July 25, 2011 - Phil Hodgen

How the IRS audits attorneys

For those of you concerned about the IRS and your risk factors, please take a look at the Attorneys Audit Technique Guide on the IRS website.

Attorney-Client Privilege When Your Attorney Gets Audited

For those of you who are deeply concerned about confidentiality and how far the IRS can go in digging into your life, look particularly at the area on attorney-client privilege.  It isn’t pretty.


  • The attorney-client privilege protects the disclosure of confidential communications between a client and attorney.
  • The identity of the client and the fee arrangement between the attorney and client is not protected by the attorney-client privilege.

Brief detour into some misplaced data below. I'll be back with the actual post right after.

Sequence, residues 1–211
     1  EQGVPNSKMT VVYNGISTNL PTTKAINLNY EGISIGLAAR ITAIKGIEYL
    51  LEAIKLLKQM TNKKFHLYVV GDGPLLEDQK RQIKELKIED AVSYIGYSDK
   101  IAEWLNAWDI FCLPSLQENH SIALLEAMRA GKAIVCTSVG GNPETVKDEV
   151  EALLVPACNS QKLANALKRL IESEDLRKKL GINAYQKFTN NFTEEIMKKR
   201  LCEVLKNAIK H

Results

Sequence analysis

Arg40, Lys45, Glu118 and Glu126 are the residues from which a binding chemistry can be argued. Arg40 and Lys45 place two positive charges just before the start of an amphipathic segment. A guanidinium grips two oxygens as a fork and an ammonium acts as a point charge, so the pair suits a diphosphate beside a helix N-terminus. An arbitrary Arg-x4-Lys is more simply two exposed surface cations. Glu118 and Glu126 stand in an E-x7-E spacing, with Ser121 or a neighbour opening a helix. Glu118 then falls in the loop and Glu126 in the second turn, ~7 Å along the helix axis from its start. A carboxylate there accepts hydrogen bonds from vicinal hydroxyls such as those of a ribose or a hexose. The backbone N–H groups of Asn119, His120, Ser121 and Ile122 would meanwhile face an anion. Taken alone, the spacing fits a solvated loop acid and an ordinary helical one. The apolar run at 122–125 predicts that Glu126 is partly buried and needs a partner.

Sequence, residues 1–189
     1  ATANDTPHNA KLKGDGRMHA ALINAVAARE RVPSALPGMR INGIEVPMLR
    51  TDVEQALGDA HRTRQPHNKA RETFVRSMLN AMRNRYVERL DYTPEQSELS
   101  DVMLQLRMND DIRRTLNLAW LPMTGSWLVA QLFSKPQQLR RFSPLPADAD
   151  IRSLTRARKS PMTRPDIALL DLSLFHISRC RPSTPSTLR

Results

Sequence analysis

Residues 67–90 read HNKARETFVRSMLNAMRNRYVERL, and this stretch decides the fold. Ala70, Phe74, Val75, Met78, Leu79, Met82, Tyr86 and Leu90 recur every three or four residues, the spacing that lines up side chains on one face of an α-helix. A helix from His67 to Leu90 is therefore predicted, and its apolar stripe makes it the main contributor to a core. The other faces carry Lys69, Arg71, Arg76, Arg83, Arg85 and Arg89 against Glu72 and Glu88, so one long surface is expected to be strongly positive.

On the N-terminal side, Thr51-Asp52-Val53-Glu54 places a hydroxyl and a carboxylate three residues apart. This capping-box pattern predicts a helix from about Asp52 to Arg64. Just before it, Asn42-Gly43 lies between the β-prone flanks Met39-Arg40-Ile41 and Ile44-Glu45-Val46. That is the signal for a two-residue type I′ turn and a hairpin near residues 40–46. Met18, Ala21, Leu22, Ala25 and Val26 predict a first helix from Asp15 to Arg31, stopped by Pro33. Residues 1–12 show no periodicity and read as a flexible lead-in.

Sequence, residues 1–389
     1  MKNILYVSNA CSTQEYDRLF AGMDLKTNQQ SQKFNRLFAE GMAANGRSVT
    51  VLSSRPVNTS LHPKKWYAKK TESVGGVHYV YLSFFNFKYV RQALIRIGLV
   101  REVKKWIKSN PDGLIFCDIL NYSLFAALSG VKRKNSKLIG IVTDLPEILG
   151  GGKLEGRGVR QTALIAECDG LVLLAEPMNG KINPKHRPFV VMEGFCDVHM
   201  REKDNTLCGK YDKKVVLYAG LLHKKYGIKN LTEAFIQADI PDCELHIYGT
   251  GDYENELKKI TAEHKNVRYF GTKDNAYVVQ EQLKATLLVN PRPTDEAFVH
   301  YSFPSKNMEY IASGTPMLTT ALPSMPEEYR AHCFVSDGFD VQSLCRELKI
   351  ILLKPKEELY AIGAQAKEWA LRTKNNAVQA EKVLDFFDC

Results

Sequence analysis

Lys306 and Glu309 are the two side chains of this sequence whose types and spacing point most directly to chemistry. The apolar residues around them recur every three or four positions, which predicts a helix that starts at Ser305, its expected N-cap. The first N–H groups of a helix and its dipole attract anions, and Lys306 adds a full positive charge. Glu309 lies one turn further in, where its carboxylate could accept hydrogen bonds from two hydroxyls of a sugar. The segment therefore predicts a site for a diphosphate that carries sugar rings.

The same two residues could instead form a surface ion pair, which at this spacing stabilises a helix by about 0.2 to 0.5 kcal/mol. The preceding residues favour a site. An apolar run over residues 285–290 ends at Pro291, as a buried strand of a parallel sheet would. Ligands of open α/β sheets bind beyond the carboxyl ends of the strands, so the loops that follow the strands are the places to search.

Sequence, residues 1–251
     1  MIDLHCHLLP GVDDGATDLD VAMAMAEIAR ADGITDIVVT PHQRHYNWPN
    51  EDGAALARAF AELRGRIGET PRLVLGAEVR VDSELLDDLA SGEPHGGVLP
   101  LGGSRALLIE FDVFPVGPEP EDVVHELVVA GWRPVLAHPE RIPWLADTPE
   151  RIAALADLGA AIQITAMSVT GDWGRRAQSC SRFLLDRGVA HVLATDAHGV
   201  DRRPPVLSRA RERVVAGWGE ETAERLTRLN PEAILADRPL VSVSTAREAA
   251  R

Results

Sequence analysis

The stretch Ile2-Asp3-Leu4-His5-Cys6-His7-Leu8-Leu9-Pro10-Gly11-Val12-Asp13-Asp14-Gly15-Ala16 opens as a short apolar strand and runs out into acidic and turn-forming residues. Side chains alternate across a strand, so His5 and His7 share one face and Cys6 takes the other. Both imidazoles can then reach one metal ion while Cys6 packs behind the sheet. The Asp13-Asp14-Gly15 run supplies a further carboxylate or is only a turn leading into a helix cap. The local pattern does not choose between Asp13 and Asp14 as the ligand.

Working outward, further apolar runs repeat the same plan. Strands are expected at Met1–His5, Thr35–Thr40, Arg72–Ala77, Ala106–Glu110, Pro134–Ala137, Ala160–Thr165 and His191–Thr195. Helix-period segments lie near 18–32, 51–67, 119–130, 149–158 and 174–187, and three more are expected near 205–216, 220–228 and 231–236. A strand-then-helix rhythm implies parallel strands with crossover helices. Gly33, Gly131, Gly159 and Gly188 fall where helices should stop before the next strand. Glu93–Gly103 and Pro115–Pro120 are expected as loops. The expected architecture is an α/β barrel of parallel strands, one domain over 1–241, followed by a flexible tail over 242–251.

• The attorney-client privilege must be claimed by the CLIENT, and the privilege must not have been previously waived.  If you have made a disclosure to a third party already, that would result in a waiver of the privilege.  (Hint — don’t take any extra people along with you when you meet with your attorney.)

There is more.  Read it.

This is not new stuff.  But there are plenty of people out there who have serious problems and need to protect themselves.

In many cases, the question of attorney-client privilege is one of academic interest, not of real practical value to the client.  Too many third party disclosures have already been made and the cat, so to speak, is out of the bag.

Tin Foil Hat Lawyering

If you are deeply concerned about this and think you need as much protection as possible, it is in your best interests to (1) not accidentally waive the attorney-client privilege; and (2) go into tinfoil hat mode.  In tinfoil hat mode we do not talk to the client on the phone except to set a meeting.  We do not email each other, not even PGP-encrypted email.  We meet in person in neutral, secure places outside the United States.  Tinfoil hat mode is expensive.

Hat tip to Jim Counts, CPA for triggering this blog post.

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